LIMITED ATONEMENT follows from this process of election in that it proclaims that Christ's sacrifice was only for the sins of the elect, and not for all of mankind. If Christ died for the sins of all, Calvinists maintain, then Christ must have died for the sin of unbelief, thereby making a universal salvation the only solution to holding an unlimited atonement. Furthermore, if Christ died for the sins of all, then since the Bible proclaims that some will be damned, the wasting of Christ's blood would occur for unsaved individuals.
This doctrine is also not held by a majority of churches outside of the Reformed (Calvinist) faith, as many hold to the free offer of Christ and the gospel to all mankind as proclaimed by the non-Calvinist interpretation of John 3:16. Limited Atonement is often stated to be the most controversial of the Calvinist TULIP doctrines when considered on an individual basis.
Biblical support for Limited Atonement comes from John 17:9: “I am not praying for the world, but for those you have given Me, for they are Yours.”
IRRESISTIBLE GRACE is the notion that none of God's elect will reject His call for them. The doctrine teaches that the Holy Spirit will first work salvation in a true believer before he or she outwardly expresses faith in Christ, an action seen as a direct consequence of this divine grace.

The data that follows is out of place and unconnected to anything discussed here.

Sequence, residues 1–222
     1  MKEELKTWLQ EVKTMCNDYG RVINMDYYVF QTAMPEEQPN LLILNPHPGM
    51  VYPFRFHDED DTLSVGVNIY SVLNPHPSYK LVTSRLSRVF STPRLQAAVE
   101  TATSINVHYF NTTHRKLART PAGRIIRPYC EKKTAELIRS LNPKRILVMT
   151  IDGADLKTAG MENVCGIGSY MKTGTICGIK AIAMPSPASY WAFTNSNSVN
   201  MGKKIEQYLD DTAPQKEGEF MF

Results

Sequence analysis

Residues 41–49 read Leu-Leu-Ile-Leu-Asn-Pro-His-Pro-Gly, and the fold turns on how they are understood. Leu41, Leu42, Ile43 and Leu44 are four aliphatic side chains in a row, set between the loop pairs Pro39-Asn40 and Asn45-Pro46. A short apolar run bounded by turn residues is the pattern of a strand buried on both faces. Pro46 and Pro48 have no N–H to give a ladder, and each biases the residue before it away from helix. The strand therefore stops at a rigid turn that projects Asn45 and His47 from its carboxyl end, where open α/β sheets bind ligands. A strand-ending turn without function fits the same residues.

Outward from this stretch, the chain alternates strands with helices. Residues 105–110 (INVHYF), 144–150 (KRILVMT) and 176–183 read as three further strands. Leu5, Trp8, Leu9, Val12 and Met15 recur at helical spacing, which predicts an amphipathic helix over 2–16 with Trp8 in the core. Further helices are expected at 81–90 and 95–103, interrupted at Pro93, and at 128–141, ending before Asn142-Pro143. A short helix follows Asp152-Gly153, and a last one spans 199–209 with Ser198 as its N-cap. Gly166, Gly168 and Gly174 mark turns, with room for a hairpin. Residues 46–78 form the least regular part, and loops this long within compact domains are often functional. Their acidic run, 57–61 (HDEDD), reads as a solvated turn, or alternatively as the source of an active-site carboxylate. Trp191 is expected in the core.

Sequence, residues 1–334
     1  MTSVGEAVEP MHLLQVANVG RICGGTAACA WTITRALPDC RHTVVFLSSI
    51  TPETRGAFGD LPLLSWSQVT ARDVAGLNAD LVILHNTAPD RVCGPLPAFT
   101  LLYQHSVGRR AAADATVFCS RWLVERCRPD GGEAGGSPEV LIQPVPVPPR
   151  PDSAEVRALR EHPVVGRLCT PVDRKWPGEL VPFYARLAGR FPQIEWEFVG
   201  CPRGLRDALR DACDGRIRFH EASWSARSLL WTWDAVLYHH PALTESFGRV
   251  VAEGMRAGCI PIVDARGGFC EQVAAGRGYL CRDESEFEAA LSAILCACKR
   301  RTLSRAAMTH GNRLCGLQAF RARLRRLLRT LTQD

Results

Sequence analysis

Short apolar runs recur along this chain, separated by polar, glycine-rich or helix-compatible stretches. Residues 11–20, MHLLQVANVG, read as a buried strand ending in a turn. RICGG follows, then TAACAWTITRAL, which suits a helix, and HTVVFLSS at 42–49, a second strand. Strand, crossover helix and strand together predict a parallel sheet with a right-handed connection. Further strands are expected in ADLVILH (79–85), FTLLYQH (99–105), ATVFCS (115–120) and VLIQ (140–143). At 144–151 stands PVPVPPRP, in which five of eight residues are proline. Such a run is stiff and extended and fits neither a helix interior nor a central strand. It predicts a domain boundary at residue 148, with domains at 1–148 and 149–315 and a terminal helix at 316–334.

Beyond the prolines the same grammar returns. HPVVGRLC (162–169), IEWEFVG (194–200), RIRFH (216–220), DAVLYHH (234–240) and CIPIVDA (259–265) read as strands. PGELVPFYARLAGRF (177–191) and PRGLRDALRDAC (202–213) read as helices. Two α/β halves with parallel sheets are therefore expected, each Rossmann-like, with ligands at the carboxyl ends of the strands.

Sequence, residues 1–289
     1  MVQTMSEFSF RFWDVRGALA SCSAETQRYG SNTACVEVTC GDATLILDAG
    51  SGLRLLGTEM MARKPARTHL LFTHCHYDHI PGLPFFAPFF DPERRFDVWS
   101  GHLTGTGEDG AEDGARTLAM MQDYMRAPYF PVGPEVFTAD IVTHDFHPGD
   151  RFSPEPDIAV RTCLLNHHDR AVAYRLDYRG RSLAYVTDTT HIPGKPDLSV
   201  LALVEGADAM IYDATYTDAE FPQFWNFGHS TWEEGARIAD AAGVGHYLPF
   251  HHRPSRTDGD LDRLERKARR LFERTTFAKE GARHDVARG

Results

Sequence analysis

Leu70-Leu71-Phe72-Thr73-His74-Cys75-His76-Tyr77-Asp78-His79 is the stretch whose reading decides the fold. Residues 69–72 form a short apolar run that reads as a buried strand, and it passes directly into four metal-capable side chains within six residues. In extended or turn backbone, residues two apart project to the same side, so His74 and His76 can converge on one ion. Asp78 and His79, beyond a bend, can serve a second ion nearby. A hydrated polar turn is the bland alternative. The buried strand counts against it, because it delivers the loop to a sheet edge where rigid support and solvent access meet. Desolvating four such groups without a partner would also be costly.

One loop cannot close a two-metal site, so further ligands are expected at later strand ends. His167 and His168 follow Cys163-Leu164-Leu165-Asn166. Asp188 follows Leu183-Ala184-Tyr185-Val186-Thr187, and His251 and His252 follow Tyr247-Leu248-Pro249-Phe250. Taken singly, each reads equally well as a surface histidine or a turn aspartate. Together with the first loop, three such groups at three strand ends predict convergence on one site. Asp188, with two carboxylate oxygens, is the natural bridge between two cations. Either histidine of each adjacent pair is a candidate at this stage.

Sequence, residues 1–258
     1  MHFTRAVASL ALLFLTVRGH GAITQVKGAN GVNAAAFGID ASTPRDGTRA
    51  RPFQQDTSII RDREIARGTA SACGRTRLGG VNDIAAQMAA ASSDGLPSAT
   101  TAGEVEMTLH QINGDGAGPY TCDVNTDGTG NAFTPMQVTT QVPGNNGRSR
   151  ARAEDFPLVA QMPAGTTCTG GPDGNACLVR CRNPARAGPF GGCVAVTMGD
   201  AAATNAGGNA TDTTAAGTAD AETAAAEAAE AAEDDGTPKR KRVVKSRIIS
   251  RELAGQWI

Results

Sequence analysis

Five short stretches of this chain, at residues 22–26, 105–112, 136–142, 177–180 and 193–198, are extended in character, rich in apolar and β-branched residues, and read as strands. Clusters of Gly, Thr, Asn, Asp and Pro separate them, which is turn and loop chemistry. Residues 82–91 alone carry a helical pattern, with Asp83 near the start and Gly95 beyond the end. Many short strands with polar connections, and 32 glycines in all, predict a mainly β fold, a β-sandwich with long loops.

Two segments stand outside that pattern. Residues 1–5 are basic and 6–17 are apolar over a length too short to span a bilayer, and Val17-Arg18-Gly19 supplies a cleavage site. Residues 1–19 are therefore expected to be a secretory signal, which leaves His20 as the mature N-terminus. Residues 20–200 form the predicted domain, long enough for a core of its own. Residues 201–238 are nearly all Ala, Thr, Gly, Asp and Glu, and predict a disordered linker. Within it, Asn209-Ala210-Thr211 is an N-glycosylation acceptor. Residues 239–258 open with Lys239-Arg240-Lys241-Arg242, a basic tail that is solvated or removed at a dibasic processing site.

A reply to the Arminian doctrine of prevenient grace, which teaches that God intervened on the behalf of all mankind and gave them the ability to choose to accept Him if they so wished, irresistible grace instead focuses on the positive divine power of God and His infallible working in a man or woman He foreknew for Himself. This also runs contrary to currently popular Christian beliefs, which normally proclaim one has the power to take or leave the call of God on one's own.
Biblical support includes John 6:65: “No one can come to Me unless it is granted unto him by the Father.”
PERSEVERANCE OF THE SAINTS, the final petal in TULIP, teaches that men cannot fall away from Christianity once they are called by God. The common term is “once saved, always saved,” and can be taken to mean that “there are no true apostates.” If a Christian falls away from the faith, Calvinists state, then he or she was never called by Christ to begin with.
Biblical support for this doctrine is based on verses such as Romans 11:29: “For the gifts and calling of God are irrevocable.”
From the TULIP doctrines, I will present a summary of what Calvinists generally view is the case for a believer (“elect”) and a nonbeliever (“reprobate”):
An ELECT will receive the Holy Spirit out of the grace of God. The elect, unable to believe on his own through his sinful nature, is thus caused by God to awaken to His enlightenment. He will then outwardly proclaim the gospel and start his new, regenerated life as a new creature (2 Corinthians 5:17) and receive the kingdom of Heaven after the Last Judgment. This is in contrast to the more popularlized Christian view, where the elect are typically described as those who choose Christ freely and honestly, and in cases such as the Church of Christ, maintain this belief until their deaths.